The goal of bringing Native Americans into "civilized" white society backfired as white-educated Native Americans and those increasingly familiar with white society, laws, and government started organizing and fighting alongside whites for Native American rights to land, religion, and education in the early 1900s. This struggle for Native American rights continues today, as Native Americans across the U.S. refuse to accept the stereotype that their people are "history" and not living cultures.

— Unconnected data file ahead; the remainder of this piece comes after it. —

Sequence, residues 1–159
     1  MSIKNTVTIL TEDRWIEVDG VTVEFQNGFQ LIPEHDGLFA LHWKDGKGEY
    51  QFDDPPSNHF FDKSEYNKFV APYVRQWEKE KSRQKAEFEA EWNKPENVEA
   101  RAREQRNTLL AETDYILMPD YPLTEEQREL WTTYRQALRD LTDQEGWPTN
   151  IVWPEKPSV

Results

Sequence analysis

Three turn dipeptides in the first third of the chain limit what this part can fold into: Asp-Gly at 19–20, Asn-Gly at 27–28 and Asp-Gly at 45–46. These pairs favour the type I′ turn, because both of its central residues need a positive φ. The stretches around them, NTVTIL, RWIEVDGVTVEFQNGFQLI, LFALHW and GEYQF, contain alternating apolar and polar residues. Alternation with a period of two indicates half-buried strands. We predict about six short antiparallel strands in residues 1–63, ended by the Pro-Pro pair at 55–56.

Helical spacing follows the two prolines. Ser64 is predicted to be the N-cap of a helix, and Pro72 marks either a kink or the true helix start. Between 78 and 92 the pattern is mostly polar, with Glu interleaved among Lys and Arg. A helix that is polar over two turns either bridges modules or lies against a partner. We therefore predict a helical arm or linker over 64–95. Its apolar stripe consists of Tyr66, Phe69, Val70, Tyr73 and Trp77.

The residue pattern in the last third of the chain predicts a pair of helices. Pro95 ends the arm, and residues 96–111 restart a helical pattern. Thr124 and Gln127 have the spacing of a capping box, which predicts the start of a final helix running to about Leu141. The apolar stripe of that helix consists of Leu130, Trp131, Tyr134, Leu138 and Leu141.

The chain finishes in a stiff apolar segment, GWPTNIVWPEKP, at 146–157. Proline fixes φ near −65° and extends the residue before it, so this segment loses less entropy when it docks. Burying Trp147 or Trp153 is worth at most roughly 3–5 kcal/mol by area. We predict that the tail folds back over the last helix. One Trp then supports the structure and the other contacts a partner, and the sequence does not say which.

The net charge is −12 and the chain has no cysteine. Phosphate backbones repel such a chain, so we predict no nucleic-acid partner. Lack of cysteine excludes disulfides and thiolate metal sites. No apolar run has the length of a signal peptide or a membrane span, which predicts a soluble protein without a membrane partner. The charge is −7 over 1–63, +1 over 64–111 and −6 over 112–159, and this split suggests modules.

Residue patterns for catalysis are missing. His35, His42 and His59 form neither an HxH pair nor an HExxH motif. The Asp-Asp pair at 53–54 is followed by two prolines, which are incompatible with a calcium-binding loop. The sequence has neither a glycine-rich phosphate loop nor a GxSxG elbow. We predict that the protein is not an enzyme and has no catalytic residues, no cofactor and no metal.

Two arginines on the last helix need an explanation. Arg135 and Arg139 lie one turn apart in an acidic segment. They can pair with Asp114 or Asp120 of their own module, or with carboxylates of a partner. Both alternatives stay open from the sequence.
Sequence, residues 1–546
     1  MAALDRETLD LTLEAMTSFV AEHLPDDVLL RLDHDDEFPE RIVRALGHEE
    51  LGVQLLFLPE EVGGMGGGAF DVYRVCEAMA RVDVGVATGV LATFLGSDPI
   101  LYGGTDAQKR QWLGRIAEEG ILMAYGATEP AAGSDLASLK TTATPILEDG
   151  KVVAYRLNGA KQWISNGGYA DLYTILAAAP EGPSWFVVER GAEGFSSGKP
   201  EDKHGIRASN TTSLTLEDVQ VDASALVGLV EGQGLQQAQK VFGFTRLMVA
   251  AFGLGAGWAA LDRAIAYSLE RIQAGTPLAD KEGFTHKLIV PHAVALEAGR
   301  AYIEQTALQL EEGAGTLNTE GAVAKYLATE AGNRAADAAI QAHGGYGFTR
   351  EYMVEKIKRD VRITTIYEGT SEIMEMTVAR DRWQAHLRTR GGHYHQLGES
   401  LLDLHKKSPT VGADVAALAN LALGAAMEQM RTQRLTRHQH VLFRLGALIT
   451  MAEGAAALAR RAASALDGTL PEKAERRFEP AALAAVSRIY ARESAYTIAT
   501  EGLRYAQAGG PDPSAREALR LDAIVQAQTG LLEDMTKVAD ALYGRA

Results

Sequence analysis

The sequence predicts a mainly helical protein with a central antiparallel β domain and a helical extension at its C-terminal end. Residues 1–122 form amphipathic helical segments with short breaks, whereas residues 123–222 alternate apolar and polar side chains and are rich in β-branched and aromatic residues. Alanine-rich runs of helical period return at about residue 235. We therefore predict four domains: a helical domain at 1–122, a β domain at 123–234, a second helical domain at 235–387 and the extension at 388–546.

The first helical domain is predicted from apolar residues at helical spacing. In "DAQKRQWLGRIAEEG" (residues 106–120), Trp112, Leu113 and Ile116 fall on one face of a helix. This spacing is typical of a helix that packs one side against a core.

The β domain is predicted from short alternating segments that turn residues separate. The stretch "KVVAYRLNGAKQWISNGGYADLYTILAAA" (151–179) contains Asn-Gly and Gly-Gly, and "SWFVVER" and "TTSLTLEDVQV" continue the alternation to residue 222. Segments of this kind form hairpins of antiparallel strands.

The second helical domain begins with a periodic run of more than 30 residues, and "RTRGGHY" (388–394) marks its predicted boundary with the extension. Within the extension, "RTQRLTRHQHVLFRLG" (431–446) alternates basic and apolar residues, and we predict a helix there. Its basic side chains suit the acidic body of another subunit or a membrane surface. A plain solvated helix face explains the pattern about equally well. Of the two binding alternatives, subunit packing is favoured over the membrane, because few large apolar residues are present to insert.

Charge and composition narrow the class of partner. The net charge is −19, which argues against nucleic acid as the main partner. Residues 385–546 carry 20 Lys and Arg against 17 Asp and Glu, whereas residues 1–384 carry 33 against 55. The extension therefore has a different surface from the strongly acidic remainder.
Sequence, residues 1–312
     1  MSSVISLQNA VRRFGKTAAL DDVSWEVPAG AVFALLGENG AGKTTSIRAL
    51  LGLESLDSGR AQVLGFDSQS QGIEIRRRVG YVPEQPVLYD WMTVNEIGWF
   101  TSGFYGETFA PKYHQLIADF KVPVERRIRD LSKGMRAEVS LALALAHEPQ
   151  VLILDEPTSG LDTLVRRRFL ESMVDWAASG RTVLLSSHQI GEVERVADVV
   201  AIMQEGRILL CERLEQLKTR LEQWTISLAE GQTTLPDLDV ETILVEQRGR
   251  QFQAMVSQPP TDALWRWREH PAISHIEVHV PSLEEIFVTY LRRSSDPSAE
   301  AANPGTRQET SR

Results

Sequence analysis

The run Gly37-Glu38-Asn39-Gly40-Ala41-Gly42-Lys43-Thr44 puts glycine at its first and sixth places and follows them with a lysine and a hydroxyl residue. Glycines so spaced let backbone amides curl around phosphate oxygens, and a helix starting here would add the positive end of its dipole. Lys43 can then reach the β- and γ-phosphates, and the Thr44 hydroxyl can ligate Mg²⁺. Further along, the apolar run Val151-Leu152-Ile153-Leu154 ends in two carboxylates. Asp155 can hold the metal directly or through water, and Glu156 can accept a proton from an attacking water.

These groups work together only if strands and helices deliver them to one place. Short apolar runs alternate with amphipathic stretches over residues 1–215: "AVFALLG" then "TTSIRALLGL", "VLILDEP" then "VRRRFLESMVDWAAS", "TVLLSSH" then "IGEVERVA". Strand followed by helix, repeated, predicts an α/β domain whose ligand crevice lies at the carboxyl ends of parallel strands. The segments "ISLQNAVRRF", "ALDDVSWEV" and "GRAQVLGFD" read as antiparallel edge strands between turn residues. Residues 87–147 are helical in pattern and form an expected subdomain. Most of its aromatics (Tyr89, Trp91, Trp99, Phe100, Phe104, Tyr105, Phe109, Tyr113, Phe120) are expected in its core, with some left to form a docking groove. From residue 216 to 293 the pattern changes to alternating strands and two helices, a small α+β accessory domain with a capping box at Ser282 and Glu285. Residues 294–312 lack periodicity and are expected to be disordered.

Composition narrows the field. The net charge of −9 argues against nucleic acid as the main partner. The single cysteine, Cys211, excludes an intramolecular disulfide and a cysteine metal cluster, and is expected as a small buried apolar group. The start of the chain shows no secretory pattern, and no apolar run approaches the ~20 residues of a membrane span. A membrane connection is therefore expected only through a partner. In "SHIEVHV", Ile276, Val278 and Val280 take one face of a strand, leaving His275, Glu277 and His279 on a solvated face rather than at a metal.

Mary Elizabeth Lease, a leading Populist spokeswoman in the 1880s and 1890s in Kansas, immortalized the cry, "What the farmers need to do is raise less corn and more hell." Margaret Robins led the National Women's Trade Union League in the early 1900s.
During the late 1800's and early 1900s ..